Mon 19 Jun 2017
Glorious Garden: Well-kept gardens can add up to £2k value to British homes
Homes with well-kept gardens are believed to be worth £1954 more in value – that’s over four times the £473 the average person spent on their garden in the past year. However, many are not inclined to hire tradespeople to carry out tasks, and would only pay £364 for a tradesperson to build a fence, £290 to install a pond and £390 to design a new garden.
Most gardeners are keen on DIY, with 90 per cent planting their own flowers, 74 per cent power washing their patios and 51 per cent building garden furniture. AXA investigates the jobs that we love to do ourselves and when it may be best to get in touch with a professional.
AXA has revealed that the nation believes a well-kept garden adds just under £2k (£1954) to the value of their homes. The research, which follows AXA’s sponsorship of the Grand Shed Project at Grand Designs Live, highlights how even though the UK values a well-kept garden, we do not always want to pay to keep it up to scratch.
The average person spent £473 on garden upkeep last year, less than four times the amount a well-kept garden is believed to add to the value of a home. Twenty-four per cent of people said they only spent between £1 and £100 last year on their gardens, whilst 18 per cent spent between £101 and £200 and 14 per cent between £201 and £400.
To DIY or not to DIY?
With the nation reluctant to part with their cash when it comes to their gardens, it’s no surprise that many of us turn to DIY. Jobs often completed by homeowners include planting flowers (90 per cent), power washing patios (74 per cent) and building garden furniture (51 per cent) and sheds (40 per cent).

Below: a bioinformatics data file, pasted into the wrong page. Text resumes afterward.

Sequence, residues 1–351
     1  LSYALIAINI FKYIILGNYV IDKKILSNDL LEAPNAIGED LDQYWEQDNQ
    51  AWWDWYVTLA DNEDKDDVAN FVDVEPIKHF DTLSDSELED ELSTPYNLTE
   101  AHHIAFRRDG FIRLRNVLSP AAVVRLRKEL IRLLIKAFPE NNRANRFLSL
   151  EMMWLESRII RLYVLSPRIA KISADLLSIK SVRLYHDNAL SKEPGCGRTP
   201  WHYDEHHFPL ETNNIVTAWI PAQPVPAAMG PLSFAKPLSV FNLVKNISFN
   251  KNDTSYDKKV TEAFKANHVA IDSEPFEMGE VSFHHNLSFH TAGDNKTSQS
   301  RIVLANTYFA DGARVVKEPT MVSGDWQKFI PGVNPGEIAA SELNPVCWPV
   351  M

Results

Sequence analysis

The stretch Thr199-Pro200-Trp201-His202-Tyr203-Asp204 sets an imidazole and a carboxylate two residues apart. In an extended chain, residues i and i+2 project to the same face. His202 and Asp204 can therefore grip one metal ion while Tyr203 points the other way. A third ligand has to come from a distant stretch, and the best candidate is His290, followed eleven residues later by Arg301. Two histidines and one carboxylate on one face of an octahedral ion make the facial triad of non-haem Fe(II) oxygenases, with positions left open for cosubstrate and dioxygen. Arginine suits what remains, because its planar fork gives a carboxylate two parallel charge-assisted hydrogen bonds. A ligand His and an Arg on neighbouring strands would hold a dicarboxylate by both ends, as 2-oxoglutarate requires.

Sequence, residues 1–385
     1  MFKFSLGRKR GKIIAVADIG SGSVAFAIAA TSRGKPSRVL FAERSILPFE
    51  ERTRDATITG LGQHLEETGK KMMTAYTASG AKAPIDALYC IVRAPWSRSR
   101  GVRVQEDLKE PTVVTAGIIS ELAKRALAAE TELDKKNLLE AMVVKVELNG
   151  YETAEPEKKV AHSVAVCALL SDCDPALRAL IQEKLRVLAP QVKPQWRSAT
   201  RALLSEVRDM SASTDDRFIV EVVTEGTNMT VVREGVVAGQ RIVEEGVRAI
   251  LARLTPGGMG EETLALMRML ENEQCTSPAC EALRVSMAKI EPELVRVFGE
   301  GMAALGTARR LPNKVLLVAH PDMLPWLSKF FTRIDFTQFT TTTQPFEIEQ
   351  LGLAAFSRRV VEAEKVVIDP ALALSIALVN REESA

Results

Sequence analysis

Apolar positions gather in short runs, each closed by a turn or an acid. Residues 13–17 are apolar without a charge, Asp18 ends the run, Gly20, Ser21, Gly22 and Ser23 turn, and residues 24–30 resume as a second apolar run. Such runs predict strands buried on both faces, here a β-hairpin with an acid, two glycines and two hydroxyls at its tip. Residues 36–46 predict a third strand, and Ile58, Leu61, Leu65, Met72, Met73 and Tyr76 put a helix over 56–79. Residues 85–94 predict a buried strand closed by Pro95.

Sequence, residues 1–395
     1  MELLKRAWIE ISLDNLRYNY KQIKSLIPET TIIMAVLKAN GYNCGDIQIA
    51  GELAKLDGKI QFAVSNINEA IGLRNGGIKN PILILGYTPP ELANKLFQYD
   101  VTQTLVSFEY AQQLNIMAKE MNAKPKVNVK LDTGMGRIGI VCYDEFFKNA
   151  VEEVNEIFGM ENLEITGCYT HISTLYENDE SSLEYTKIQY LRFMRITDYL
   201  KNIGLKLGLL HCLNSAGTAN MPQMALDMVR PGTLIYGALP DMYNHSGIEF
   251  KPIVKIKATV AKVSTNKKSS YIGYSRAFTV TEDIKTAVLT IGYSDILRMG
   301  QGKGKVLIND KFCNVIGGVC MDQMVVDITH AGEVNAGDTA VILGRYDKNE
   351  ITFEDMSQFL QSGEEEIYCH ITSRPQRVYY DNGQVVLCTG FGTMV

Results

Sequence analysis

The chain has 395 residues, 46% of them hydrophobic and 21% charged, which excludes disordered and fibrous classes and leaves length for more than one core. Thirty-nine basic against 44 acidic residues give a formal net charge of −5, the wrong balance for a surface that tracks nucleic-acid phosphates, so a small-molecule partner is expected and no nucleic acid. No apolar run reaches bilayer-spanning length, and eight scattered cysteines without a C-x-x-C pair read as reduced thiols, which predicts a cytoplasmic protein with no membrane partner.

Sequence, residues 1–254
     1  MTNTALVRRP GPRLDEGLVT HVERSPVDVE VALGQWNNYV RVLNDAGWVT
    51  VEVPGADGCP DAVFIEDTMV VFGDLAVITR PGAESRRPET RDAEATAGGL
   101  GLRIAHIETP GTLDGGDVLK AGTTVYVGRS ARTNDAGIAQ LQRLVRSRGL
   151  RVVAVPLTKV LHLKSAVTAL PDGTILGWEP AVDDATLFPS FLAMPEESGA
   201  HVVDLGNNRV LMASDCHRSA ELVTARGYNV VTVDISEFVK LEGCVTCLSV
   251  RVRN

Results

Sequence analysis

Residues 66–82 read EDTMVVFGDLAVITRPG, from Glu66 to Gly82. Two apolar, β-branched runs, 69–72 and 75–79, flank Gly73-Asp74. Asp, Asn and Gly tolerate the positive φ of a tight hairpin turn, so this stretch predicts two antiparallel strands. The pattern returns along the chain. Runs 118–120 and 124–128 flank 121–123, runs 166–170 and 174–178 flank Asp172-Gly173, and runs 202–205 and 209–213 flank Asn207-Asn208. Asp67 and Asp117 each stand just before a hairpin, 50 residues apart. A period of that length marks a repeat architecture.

Jobs that people would hire a tradesperson to complete are often larger, and include building garden walls (64 per cent), terraces (61 per cent), new fences from scratch (58 per cent) and felling trees (59 per cent). This can only be a good thing when you consider that 44 per cent of people would not check planning permission before performing garden tasks including those listed above.
However, not to be outdone, there are a number of tasks that the nation would like to learn, including designing a new garden (41 per cent), building a garden wall (37 per cent), installing a water feature (36 per cent) and building terraces (34 per cent).
The cost of gardening
Most people spend around nine hours a month working on their gardens, however if they were to hire a gardener they would only need them to work six hours – a third less time. They would also pay £10 an hour for a gardener, making it around £60 a month to look after the average garden, plus any additional time spent on doing smaller jobs.
For larger jobs, many people would only want to part with less than £500 per task, even though we now know this could add up to four times the value to a home.
Gareth Howell, Managing Director of AXA Insurance, said: “Over the past year our research has shown that the UK is a nation of keen hobbyists, with 40 per cent of people claiming gardening to be their main hobby. However, whilst learning a new skill is important, there are also times when it may be best to hire a professional.
“The fact that 44 per cent of people don’t consider planning permission when carrying out relatively large gardening jobs highlights just how important it is to ask for expert help every now and again.
Whilst we are encouraging the nation to enjoy DIY and the great outdoors, when it comes to certain tasks you may want to brush up on your skills and knowledge first!”
For ideas on how to make the most out of your garden, regardless of size, visit: www.axa.co.uk/help-and-advice/my-home/quirky-design-ideas-for-smaller-gardens/